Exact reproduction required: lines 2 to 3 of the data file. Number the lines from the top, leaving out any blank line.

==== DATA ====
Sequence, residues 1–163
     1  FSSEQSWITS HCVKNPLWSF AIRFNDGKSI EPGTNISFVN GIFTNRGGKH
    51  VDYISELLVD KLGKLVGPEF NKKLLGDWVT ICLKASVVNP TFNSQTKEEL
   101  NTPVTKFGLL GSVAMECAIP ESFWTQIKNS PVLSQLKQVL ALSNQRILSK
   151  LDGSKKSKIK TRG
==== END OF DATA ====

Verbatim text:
     1  FSSEQSWITS HCVKNPLWSF AIRFNDGKSI EPGTNISFVN GIFTNRGGKH
    51  VDYISELLVD KLGKLVGPEF NKKLLGDWVT ICLKASVVNP TFNSQTKEEL